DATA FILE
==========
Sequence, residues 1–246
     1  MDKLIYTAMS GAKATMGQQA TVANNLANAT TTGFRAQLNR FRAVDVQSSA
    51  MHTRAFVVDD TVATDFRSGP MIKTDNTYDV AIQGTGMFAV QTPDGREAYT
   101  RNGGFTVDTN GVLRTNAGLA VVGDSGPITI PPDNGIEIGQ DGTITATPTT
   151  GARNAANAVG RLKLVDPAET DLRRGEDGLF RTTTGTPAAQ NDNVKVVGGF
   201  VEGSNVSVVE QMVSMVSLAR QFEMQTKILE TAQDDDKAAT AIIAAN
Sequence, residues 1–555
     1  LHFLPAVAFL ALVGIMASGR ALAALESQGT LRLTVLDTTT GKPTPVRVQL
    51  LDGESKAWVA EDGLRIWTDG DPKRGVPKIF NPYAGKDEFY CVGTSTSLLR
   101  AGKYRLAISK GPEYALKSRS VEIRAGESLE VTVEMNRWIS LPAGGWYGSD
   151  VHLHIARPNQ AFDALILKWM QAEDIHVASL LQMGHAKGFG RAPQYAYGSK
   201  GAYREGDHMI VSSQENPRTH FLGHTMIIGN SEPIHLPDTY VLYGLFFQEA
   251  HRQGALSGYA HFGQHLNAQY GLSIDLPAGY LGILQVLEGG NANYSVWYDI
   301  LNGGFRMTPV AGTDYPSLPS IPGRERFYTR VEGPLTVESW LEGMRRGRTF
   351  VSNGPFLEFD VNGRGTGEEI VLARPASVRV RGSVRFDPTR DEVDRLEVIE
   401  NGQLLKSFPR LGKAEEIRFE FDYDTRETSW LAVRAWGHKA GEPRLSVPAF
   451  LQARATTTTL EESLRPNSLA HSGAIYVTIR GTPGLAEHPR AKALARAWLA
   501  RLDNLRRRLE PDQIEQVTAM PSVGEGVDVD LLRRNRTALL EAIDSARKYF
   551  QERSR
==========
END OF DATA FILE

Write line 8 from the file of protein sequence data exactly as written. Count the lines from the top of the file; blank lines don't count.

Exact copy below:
     1  LHFLPAVAFL ALVGIMASGR ALAALESQGT LRLTVLDTTT GKPTPVRVQL